1. Enrich the patient population with the best patients. In the words of a famous European infertility expert, "The patients who are easiest to get pregnant get pregnant most easily". Since individual IVF couples have pregnancy likelihoods varying enormously, a key is to enrich the statistically reported population with the better patients, and to discourage, reject, or reclassify the worse. This is accomplished by a combination of positive and negative selection.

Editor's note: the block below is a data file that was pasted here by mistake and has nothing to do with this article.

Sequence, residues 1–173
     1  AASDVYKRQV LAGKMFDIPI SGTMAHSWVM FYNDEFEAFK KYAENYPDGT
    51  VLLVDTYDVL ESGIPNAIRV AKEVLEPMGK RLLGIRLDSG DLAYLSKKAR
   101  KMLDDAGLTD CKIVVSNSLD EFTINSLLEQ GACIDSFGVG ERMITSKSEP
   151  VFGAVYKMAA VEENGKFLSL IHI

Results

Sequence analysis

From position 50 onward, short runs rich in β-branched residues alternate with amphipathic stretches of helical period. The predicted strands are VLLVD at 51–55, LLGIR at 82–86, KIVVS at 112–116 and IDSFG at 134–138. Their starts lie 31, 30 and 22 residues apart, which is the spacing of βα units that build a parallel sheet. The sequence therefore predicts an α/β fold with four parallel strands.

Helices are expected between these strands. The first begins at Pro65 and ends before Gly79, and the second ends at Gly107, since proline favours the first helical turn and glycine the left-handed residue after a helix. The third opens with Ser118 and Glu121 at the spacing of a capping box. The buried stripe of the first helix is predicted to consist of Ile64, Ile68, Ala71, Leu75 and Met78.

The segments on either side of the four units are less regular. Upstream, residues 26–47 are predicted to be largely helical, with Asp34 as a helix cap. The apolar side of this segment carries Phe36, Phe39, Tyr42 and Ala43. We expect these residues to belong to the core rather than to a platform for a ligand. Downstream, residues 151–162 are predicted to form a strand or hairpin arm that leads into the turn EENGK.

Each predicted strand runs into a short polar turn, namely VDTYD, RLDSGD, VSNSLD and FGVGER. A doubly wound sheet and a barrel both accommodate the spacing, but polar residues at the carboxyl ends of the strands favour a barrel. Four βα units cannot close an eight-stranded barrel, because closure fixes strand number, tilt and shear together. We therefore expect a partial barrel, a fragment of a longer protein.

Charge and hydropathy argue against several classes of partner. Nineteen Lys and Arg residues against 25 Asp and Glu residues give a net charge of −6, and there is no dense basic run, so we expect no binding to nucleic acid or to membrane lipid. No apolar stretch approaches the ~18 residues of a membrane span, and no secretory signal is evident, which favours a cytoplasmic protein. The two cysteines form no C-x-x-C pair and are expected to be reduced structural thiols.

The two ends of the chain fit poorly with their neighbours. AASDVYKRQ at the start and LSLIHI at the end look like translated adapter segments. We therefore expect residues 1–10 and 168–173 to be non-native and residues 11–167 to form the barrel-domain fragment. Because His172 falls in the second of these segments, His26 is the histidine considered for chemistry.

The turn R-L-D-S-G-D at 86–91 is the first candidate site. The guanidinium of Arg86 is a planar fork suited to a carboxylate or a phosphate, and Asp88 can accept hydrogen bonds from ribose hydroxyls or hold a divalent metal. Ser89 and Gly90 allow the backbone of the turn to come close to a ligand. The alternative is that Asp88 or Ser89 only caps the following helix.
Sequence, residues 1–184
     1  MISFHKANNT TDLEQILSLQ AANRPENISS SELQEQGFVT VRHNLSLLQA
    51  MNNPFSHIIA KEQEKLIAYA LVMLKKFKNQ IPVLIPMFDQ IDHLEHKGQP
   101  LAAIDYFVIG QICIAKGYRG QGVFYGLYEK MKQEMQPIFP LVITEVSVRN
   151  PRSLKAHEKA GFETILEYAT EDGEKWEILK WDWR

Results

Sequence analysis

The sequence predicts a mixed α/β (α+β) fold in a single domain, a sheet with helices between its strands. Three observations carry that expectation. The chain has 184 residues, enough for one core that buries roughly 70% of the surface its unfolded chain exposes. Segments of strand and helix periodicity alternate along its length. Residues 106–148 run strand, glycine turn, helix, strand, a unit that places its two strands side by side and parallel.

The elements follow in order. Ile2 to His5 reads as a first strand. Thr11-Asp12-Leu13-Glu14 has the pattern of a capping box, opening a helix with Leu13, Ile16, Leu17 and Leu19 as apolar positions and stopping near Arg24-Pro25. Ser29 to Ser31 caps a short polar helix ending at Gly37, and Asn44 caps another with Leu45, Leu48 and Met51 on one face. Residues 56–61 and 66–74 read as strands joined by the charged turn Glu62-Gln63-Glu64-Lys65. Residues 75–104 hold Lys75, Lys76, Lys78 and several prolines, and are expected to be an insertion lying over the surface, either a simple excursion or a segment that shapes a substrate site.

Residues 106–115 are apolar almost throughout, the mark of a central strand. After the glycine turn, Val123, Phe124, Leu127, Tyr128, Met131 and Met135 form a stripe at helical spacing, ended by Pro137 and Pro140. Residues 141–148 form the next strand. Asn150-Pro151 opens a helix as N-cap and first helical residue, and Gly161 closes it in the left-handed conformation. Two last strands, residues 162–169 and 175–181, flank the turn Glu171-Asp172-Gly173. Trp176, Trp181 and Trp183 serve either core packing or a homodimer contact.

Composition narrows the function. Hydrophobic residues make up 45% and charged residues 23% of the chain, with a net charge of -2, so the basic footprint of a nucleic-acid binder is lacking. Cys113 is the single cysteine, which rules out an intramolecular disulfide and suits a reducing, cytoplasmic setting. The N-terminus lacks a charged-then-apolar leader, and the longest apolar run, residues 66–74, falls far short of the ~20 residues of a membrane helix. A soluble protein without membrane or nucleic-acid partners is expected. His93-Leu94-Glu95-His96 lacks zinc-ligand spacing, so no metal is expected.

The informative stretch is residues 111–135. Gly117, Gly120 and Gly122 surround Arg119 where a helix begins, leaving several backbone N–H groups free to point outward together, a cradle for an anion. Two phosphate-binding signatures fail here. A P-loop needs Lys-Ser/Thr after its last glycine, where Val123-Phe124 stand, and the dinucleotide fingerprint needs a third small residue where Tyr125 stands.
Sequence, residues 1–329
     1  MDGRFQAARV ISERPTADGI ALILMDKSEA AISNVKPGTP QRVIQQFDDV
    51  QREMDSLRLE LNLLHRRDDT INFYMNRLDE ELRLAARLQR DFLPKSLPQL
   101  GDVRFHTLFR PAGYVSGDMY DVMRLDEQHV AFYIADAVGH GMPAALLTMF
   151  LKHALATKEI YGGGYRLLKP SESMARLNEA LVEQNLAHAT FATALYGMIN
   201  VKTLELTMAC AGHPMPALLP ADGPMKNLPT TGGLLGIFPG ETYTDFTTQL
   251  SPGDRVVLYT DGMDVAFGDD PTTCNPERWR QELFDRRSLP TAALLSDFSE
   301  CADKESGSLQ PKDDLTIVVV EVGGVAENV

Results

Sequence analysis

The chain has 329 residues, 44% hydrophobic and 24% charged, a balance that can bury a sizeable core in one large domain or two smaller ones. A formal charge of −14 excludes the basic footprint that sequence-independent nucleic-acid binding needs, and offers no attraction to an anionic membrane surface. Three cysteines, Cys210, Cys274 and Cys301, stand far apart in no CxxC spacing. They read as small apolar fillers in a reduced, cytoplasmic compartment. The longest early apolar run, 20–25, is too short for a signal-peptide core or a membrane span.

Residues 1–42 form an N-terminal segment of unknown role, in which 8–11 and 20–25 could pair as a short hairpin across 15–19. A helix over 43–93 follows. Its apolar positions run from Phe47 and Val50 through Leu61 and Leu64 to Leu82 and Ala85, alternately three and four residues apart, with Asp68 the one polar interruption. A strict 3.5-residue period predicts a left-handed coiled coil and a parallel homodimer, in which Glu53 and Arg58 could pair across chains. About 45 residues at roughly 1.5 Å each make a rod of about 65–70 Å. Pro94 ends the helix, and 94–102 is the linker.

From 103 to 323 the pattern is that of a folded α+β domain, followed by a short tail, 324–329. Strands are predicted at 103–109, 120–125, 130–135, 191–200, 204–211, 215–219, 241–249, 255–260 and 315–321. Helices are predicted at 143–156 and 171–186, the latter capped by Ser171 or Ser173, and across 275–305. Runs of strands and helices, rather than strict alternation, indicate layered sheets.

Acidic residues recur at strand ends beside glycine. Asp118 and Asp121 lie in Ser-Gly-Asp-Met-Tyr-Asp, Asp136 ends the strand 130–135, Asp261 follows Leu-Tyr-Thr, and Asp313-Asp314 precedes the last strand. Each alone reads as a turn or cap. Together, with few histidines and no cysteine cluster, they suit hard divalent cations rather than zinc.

Positive selection criteria include but are not limited to: young females, previous normal uterine or ectopic pregnancies, regular menstrual cycles, limited or no prior treatment, short duration of infertility, no or few prior IVF or gonadotropin (Metrodin, Humegon, or Pergonal) IUI failures, low FSH values, normal clomiphene challenge tests, known "high responders", completely normal semen quality, and absence of prior pregnancy losses. These are just a few of the factors utilized. Negative selection involves avoiding or reducing the cycle frequency of the opposite types of patients, such as failures in other programs, low responders, borderline FSH values, prolonged unexplained infertility, known or suspected immune/implantation problems, "low-quality" embryos, encouraging all except the best patients especially those over 40 to move to donor egg therapy, and so forth. To further positive selection, some centers use IVF or GIFT as an initial or very early therapy instead of other feasible alternatives. Some IVF centers even offer multicycle pricing or cheaper cycle prices to "qualified" (ideal) patients, another form of positive selection. Other centers classify more difficult patients as "research patients", and omit the "research" results from their reported program statistics.